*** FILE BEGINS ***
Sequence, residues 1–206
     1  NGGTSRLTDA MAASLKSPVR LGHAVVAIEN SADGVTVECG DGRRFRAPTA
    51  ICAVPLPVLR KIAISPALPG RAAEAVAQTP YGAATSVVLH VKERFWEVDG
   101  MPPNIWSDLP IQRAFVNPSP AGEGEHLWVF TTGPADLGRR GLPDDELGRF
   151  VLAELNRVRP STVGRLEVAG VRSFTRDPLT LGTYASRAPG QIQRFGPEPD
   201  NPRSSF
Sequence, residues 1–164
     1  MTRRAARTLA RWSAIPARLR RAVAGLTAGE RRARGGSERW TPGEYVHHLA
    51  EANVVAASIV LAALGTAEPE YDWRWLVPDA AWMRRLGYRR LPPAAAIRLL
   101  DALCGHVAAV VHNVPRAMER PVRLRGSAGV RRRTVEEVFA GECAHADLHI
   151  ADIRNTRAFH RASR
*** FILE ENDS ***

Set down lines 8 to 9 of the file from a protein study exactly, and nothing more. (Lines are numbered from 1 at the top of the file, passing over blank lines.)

     1  MTRRAARTLA RWSAIPARLR RAVAGLTAGE RRARGGSERW TPGEYVHHLA
    51  EANVVAASIV LAALGTAEPE YDWRWLVPDA AWMRRLGYRR LPPAAAIRLL